Lonzano, Menahem ben Judah de

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LONZANO, MENAHEM BEN JUDAH DE (1550–before 1624), linguist, poet, and kabbalist. Little is known about his life, but it is assumed that he was born in Constantinople. At the age of 25 he immigrated to *Jerusalem and later moved to *Safed. Forty years later, he went to *Turkey and to *Italy, and in 1618 he returned to Jerusalem.

Lonzano was best known for Shetei Yadot (Venice, 1618), which is divided into two sections (Yad Ani and Yad ha-Melekh). The first contains his original writings and the second the midrashic literature which he intended to edit. Each section is called yad ("hand") and has five eẓba'ot ("fingers"). Yad Ani includes the following: (1) Or Torah (also separately, Amsterdam, 1659), notes on the masorah ("text") of the Torah according to the weekly portions, comparing the printed Venice editions with important manuscripts which he knew. Because his work relates only to the Torah, it became second in importance to Minḥat Shai, by his contemporary Solomon *Norzi, which treats the entire Scripture. Despite this fact Lonzano's work was reprinted in many editions with additions and interpretations. (2) Ma'arikh (also separately, Leipzig, 1853), additions to the talmudic dictionary He-Arukh by *Nathan b. Jehiel of Rome. The work is based on his knowledge of Greek and Arabic and other languages (Turkish and Persian) used by his Jewish contemporaries. (3) Avodat ha Mikdash (also separately, Constantinople, 1572), prayers for the order of worship in the Temple, with additions according to "the wisdom of the Zohar." (4) Derekh Ḥayyim (also separately, Constantinople, 1573), moralistic poetry. (5) Tovah Tokhaḥat, a long moralistic poem. From Yad ha-Melekh, he only managed to publish the first section, Aggedata de-Bereshit, which was reprinted many times. He intended to conclude the publication of Midrash Agur, which had begun to appear in Safed in 1587, and also planned to publish other important Midrashim according to manuscripts which he himself discovered, but this material has been lost.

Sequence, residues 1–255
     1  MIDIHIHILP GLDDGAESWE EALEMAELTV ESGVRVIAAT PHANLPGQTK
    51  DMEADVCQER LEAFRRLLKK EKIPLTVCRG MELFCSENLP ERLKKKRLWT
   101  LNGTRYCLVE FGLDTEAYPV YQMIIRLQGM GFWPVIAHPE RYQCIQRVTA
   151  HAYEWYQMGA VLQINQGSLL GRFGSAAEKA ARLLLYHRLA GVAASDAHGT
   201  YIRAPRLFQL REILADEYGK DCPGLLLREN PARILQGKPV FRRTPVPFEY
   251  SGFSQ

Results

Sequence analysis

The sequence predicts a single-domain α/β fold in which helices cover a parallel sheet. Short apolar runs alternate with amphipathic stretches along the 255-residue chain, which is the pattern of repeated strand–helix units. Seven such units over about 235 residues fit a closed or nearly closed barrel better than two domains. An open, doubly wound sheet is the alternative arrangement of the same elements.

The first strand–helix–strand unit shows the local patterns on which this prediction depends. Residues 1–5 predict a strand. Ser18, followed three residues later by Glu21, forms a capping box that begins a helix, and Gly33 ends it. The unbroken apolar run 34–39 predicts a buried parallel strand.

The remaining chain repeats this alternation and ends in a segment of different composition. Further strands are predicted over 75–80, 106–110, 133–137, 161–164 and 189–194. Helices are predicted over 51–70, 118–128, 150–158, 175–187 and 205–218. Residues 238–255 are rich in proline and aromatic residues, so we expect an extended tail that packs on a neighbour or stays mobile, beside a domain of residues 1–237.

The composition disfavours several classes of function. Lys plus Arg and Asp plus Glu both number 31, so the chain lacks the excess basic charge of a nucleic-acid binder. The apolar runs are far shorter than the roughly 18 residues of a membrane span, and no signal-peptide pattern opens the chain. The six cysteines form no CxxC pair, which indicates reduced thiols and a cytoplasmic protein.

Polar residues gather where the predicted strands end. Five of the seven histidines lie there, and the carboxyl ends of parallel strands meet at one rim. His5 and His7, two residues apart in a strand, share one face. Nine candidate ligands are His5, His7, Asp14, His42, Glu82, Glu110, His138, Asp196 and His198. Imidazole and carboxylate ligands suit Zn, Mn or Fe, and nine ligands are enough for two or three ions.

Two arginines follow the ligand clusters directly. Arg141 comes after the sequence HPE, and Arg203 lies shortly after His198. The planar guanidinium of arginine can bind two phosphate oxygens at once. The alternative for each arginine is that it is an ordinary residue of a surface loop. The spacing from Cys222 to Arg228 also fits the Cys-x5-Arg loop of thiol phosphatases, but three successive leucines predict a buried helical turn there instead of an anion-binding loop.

Lonzano's other works treat Lurianic Kabbalah and aroused bitter opposition: (1) Omer Man, a commentary on the Idra Zuta and the Sifra de-Ẓeni'uta (Vilna, 1883); (2) Imrei Emet, a critique of Luria's interpretation of Sifra de-Ẓeni'uta and repudiations of Ḥayyim *Vital. According to Lonzano, Luria wrote his commentary before he received divine inspiration and "if he could, he would have changed or hidden this work" (Ms. British Museum 9167). Other works planned by Lonzano were hidden and only parts of them were preserved in manuscripts or published posthumously. They include (1) a commentary on the Zohar (fragment, in manuscript); (2) comments on Tikkunei Zohar (Ms.); (3) Haggahot le-Zohar Ḥadash (Venice, 1643); (4) Haggahot le-Talmud Yerushalmi (Warsaw, 1737); (5) Adi Zahav, annotations on the book Ha-Levushim by Mordecai Jaffe; (6) comments on the prayer book (lost). Lonzano's originality caused him to suffer from the attacks of his opponents. In this matter his dispute with Gedaliah *Cordovero is of interest, but its background is still not clear. He was a thorough scholar. In search of manuscripts he made several trips abroad where he met with many scholars. As a poet, Lonzano was involved in a quarrel with Israel *Najara whom he criticized because of his use of erotic language and words such as "adulterers say to one another" (Shetei Yadot, 142) to describe the relationship between Israel and God.


Frumkin-Rivlin, 1 (1928), 134–45; Davidson, Oẓar, index; G. Scholem, Kitvei Yad be-Kabbalah (1930), 115–6, 152, 156; M. Kasher, Sarei ha-Elef (1959), 16, 18; A. Yaari, Ha-Defus ha-Ivri be-Kushta (1967), 116; Rosanes, Togarmah, 2 (1938), 182–6; M. Wander, Derekh ha-Ḥayyim (1931), 1–29, introduction; I. Sonne, in: Koveẓ al Yad, 5 (1950), 197–204; S.H. Kook, Iyyunim u-Meḥkarim, 1 (1959), 241–5; R. Elitzur, in: ks, 42 (1967), 511.

[David Samuel Loewinger]